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 Is this a Flying VEight prototype



Flying 20 V Eight prototype


Dear Mr. Homer,

              I thought that your members may be interested in the attached picture of my late Uncles 1938/9 Standard V8 which was taken at Christmas 1957. He was a greengrocer at Covent Garden and was always looking out for a "deal" so got the car  probably as a payout for debts from an errant customer. It was in good sound condition but was extremely thirsty and would only get 15 mpg on a good run! Any attempt at overtaking was accompanied by a large black cloud which enveloped following traffic! The picture was taken in Railway Terrace, Tonypandy, South Wales but he lived in Middlesex, London so the journey down via Gloucester cost him "an arm an' a leg" so it was quickly sold on (at a profit of course) and replaced with a van! The children are his two sons and myself, already car fanatics that long ago!

           

I believe that very few V8's were made and that the engine was effectively two "8" engines siamesed into a common block. Have any survived though? I have never seen one since


.


Richard Leaman


Many thanks for your story about the V8, which I will feature on the website shortly.


 

The engine does not comprise two "8"'s ( which would make a 16Hp) nor two 10's, but was specifically an engine designed for this car. We believe that about 350 were built but they suffered badly from overheating. The Flying 20Hp, which was a six cylinder engine in a bigger body, was cheaper and more popular so the V8 was dropped from the range.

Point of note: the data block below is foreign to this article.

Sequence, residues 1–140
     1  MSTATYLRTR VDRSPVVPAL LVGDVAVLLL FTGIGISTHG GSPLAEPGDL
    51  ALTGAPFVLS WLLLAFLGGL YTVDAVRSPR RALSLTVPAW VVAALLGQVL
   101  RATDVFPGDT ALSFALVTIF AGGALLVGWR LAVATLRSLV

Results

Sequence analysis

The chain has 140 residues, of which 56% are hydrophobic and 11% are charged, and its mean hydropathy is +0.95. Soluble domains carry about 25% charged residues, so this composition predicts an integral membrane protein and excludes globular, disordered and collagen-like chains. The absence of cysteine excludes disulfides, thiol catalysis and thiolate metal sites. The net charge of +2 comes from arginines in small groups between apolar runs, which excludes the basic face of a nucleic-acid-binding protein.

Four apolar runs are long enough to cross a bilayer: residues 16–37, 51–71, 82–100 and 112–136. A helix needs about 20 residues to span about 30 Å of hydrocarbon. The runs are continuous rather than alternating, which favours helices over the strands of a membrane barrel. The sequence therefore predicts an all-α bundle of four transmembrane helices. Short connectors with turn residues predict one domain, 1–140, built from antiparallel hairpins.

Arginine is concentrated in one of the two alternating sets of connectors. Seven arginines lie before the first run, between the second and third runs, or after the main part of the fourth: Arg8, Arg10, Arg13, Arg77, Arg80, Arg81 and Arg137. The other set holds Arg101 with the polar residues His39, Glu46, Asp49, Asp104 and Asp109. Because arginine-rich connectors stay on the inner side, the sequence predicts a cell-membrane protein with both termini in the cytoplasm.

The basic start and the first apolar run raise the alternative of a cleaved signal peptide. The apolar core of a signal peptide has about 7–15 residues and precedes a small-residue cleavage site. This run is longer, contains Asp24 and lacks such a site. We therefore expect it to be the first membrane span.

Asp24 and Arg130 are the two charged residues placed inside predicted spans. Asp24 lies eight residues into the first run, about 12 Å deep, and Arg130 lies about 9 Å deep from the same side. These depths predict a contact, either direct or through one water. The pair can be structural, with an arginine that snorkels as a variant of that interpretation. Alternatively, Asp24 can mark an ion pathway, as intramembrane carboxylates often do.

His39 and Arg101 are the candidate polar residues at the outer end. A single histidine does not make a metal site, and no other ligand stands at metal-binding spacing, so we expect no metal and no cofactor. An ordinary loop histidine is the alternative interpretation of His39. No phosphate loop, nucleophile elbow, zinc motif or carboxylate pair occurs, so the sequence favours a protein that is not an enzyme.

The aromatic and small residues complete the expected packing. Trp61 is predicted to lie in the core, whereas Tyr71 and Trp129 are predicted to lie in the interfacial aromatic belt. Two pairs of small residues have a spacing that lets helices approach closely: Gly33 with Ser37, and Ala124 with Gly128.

At least three V8 saloons survive though only one in this country. Also at least one V8 engined Raymond Mays special survives

 

Thank you for your interest

 

Regards,

Phil Homer Having looked more closely at your picture, I now doubt that it was a V8, it looks more like a Flying 20 as it has the earlier perpendicular grille, whereas the V8 had the later waterfall grille.

What do you think?

 

Regards,

Phil Homer


Dear Mr. Homer,

             Many thanks for your rely to my message! I have to confess to not being a Standard expert and my memories of it are those when I was 10 years old as you can see in the picture. Having said that, and in full deference to your records and Mark knowledge, I am 99% certain that it definitely did have a V8 engine. My Uncle was totally non mechanical but my father was an engineer and I am sure that I recollect our looking under the bonnet when I  guess that my father was asked to see if he could make some adjustment to the carburettor to try to improve the desperate fuel consumption. Whilst that was the only time that we saw the car, my Uncle often recalled owning it and always referred to it as a "V8" as did my father. Unfortunately both are no longer alive so I cannot ask them again.. He said that it was smooth and powerful but he just could not afford the petrol bills!